de Winter BC, et al. Pharmacokinetic Role of Protein Binding of Mycophenolic Acid and Its Glucuronide Metabolite in Renal Transplant Recipients. J Pharmacokinet Pharmacodyn. 2009;36(6):541-64. PubMed PMID: 19904584.
* Article titles in AMA citation format should be in sentence-case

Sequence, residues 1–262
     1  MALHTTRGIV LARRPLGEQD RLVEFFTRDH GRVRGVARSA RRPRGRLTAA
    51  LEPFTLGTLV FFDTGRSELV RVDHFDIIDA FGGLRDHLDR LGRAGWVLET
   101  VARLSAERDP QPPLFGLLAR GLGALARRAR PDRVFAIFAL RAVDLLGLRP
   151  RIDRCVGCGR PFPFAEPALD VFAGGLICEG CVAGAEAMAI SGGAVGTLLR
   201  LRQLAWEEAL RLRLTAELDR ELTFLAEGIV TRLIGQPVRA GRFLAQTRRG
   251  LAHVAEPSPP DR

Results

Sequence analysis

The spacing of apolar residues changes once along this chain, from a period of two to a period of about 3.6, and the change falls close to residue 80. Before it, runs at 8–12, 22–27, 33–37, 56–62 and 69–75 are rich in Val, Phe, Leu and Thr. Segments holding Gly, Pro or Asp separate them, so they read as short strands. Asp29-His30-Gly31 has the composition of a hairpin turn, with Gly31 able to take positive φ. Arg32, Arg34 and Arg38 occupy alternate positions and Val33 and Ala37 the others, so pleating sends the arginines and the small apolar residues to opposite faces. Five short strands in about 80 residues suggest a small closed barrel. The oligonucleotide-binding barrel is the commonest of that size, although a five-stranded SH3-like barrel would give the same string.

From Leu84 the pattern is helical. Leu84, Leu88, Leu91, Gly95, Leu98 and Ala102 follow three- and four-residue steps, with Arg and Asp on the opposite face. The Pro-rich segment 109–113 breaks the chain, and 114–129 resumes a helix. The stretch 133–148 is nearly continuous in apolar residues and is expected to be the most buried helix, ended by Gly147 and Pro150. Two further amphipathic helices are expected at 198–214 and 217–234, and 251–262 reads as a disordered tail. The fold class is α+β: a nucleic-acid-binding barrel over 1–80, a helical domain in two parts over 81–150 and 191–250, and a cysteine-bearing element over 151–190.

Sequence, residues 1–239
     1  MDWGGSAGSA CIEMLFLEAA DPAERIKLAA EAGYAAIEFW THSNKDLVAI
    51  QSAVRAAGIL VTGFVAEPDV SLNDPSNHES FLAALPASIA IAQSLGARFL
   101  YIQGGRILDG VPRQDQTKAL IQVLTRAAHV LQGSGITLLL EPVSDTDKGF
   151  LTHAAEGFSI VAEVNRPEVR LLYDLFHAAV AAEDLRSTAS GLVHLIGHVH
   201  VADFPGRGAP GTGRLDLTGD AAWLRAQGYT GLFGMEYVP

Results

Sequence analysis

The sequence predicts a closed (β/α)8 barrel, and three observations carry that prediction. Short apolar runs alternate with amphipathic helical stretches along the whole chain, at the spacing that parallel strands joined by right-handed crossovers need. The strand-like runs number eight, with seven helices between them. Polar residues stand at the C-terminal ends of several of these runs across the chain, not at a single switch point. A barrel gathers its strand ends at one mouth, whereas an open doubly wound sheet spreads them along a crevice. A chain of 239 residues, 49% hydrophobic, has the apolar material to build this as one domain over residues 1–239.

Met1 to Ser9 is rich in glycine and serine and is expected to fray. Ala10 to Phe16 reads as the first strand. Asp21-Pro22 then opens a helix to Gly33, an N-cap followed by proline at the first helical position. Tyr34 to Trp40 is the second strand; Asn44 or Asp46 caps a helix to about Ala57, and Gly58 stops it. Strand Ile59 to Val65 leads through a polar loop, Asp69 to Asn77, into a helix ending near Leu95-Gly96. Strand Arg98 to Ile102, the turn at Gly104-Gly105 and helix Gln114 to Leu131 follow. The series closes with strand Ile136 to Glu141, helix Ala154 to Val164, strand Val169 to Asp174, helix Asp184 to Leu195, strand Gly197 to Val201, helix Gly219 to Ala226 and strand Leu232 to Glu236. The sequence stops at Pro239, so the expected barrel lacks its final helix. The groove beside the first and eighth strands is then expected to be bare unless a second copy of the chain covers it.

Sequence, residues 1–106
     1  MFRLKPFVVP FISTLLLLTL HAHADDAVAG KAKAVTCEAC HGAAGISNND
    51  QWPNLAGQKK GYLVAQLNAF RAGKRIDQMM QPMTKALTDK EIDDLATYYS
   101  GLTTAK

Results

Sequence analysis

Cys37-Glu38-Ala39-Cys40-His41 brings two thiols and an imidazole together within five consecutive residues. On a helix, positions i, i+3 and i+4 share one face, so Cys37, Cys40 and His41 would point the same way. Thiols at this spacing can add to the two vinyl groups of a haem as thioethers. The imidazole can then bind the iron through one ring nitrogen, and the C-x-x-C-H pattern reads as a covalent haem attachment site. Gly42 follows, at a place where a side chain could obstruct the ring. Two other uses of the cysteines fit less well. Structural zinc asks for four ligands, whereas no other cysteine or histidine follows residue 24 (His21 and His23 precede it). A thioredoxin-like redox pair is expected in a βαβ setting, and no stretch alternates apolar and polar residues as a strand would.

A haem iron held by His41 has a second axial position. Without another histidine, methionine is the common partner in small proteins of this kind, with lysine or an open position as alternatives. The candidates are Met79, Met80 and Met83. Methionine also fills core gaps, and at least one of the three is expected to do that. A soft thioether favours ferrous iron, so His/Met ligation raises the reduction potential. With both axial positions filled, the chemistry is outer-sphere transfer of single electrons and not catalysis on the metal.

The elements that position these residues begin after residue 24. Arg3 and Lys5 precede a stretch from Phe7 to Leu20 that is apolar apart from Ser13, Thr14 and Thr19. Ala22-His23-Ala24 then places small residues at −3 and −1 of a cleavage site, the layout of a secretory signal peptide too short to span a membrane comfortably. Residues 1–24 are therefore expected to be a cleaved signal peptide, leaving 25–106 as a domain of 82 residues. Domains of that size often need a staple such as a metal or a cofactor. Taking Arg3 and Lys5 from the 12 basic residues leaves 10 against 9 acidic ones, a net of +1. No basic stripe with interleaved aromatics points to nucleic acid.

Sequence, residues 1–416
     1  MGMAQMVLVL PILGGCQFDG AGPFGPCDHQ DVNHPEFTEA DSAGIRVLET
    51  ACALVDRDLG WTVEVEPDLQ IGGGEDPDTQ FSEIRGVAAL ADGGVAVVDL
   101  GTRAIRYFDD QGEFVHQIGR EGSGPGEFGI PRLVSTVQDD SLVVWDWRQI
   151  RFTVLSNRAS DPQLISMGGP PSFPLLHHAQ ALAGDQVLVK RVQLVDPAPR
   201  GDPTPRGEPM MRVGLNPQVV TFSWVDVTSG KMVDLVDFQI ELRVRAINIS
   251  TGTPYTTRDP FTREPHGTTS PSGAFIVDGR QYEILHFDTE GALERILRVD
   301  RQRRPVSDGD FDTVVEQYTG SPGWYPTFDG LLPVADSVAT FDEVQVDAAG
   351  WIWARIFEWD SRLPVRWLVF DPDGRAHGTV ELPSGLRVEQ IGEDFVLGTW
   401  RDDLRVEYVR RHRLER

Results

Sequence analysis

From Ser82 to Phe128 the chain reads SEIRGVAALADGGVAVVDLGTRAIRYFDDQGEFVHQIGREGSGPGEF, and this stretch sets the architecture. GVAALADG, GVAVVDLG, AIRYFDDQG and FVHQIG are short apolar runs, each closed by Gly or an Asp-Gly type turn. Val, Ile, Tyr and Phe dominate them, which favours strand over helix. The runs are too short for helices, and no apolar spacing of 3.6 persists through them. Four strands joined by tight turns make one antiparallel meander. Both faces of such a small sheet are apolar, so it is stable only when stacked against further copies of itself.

TY - JOUR T1 - Pharmacokinetic role of protein binding of mycophenolic acid and its glucuronide metabolite in renal transplant recipients. AU - de Winter,Brenda C M, AU - van Gelder,Teun, AU - Sombogaard,Ferdi, AU - Shaw,Leslie M, AU - van Hest,Reinier M, AU - Mathot,Ron A A, Y1 - 2009/11/11/ PY - 2009/07/01/received PY - 2009/10/25/accepted PY - 2009/11/12/entrez PY - 2009/11/12/pubmed PY - 2010/3/26/medline SP - 541 EP - 64 JF - Journal of pharmacokinetics and pharmacodynamics JO - J Pharmacokinet Pharmacodyn VL - 36 IS - 6 N2 - Mycophenolic acid (MPA), the active compound of mycophenolate mofetil (MMF), is used to prevent graft rejection in renal transplant recipients. MPA is glucuronidated to the metabolite MPAG, which exhibits enterohepatic recirculation (EHC). MPA binds for 97% and MPAG binds for 82% to plasma proteins. Low plasma albumin concentrations, impaired renal function and coadministration of cyclosporine have been reported to be associated with increased clearance of MPA. The aim of the study was to develop a population pharmacokinetic model describing the relationship between MMF dose and total MPA (tMPA), unbound MPA (fMPA), total MPAG (tMPAG) and unbound MPAG (fMPAG). In this model the correlation between pharmacokinetic parameters and renal function, plasma albumin concentrations and cotreatment with cyclosporine was quantified. tMPA, fMPA, tMPAG and fMPAG concentration-time profiles of renal transplant recipients cotreated with cyclosporine (n = 48) and tacrolimus (n = 45) were analyzed using NONMEM. A 2- and 1-compartment model were used to describe the pharmacokinetics of fMPA and fMPAG. The central compartments of fMPA and fMPAG were connected with an albumin compartment allowing competitive binding (bMPA and bMPAG). tMPA and tMPAG were modeled as the sum of the bound and unbound concentrations. EHC was modeled by transport of fMPAG to a separate gallbladder compartment. This transport was decreased in case of cyclosporine cotreatment (P < 0.001). In the model, clearance of fMPAG decreased when creatinine clearance (CrCL) was reduced (P < 0.001), and albumin concentration was correlated with the maximum number of binding sites available for MPA and MPAG (P < 0.001). In patients with impaired renal function cotreated with cyclosporine the model adequately described that increasing fMPAG concentrations decreased tMPA AUC due to displacement of MPA from its binding sites. The accumulated MPAG could also be reconverted to MPA by the EHC, which caused increased tMPA AUC in patients cotreated with tacrolimus. Changes in CrCL had hardly any effect on fMPA exposure. A decrease in plasma albumin concentration from 0.6 to 0.4 mmol/l resulted in ca. 38% reduction of tMPA AUC, whereas no reduction in fMPA AUC was seen. In conclusion, a pharmacokinetic model has been developed which describes the relationship between dose and both total and free MPA exposure. The model adequately describes the influence of renal function, plasma albumin and cyclosporine co-medication on MPA exposure. Changes in protein binding due to altered renal function or plasma albumin concentrations influence tMPA exposure, whereas fMPA exposure is hardly affected. SN - 1573-8744 UR - https://www.unboundmedicine.com/medline/citation/19904584/Pharmacokinetic_role_of_protein_binding_of_mycophenolic_acid_and_its_glucuronide_metabolite_in_renal_transplant_recipients_ L2 - https://doi.org/10.1007/s10928-009-9136-6 DB - PRIME DP - Unbound Medicine ER -